Buying an insurance product to fund one's own care in old age is almost twice as popular as taking out an insurance product for relatives' care needs, research for The Syndicate has found.
While 23% would buy an insurance product for their own care in old age, 12% would buy a product which would care for relatives, the survey of 34,000 people found.
Meanwhile 49% would not take out insurance to care for relatives, compared to 35% who would not take out a policy to fund their own care.
Similar proportions were unsure for both types of care insurance with 42% not sure if they would take out a policy for their own care and 40% unsure about relatives' care.
The likelihood of someone considering a policy to fund their care increased with earnings, and was also higher in families with children at home.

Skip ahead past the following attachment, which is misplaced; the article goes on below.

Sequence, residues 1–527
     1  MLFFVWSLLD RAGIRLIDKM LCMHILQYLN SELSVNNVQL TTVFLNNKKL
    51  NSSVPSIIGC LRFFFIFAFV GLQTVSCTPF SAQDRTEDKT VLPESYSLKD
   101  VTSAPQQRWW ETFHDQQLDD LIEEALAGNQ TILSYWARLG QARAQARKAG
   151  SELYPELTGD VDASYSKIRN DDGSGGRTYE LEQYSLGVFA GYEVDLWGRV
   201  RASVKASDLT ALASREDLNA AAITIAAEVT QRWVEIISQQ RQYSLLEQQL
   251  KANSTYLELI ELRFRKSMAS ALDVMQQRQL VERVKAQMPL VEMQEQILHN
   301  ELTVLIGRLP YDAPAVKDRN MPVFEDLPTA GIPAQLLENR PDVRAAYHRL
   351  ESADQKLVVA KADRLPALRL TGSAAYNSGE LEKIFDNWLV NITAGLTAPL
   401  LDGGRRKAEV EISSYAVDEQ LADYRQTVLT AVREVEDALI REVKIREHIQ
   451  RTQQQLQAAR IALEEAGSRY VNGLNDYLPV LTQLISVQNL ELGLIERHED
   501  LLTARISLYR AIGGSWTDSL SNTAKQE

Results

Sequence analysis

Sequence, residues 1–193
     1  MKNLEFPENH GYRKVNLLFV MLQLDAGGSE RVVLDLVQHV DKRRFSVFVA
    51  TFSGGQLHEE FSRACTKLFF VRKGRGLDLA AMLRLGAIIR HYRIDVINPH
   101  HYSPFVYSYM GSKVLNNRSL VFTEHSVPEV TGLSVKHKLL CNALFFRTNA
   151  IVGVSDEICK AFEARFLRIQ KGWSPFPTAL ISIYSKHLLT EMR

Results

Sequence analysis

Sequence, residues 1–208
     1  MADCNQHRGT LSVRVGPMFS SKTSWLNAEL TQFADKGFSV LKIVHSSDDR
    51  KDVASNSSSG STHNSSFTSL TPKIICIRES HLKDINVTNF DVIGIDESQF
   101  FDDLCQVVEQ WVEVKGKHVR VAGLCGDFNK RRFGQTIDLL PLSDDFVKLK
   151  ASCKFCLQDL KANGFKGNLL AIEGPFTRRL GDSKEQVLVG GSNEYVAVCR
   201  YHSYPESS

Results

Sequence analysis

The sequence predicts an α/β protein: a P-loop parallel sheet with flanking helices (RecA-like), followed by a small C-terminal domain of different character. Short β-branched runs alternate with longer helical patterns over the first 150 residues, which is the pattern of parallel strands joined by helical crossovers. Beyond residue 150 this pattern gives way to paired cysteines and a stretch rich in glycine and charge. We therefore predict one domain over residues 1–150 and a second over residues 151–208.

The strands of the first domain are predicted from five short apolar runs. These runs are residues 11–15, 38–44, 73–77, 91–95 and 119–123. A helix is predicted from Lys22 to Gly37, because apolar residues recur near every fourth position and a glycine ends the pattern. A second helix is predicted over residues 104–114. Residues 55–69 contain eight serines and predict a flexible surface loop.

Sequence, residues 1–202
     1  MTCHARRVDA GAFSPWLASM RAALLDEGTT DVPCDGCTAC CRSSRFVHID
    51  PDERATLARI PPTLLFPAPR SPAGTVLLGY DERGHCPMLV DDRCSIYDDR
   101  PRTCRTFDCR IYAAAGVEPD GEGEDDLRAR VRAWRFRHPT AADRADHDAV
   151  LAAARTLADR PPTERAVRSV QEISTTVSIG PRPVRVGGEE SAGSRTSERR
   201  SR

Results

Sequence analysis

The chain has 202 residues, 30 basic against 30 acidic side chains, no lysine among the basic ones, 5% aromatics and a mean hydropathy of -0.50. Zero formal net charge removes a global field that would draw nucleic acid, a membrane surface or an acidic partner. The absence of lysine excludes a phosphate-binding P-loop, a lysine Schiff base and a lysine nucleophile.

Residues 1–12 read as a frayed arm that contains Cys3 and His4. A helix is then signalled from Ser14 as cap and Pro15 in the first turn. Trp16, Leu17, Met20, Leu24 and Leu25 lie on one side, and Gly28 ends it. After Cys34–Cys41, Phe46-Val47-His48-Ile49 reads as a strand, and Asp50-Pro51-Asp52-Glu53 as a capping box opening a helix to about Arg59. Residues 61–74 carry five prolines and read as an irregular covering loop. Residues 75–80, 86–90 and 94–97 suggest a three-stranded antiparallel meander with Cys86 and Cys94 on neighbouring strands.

Those who owned their property outright were less likely to say they would buy insurance for care costs.
Recently the protection industry warned that consumers were not aware of long term care needs following a call from the care minister for insurers to "step up to the plate" and provide policies for care.
The findings were presented at The Syndicate's launch of its' annual report at the National Liberal Club in London.
Paul Casey head of marketing and communications at Hannover Re said: "I thought quite surprisingly, we didn't get a great deal of vote for buying something to care for relatives.
"With all the horror stories about people's estates and inheritances being soaked up paying for care, we thought it would be much higher than that."
He added: "People just don't know whether they should be making provision or not, some of the feedback certainly on the not caring for relatives was "the state should look after them"."
Casey continued: "For your own care a few more of those things and a little bit of my children should look after me thrown in but then some positives in caring for myself, "it gives me peace of mind", "I don't want to be a burden to my children", "it's sensible we all get older we should prepare.""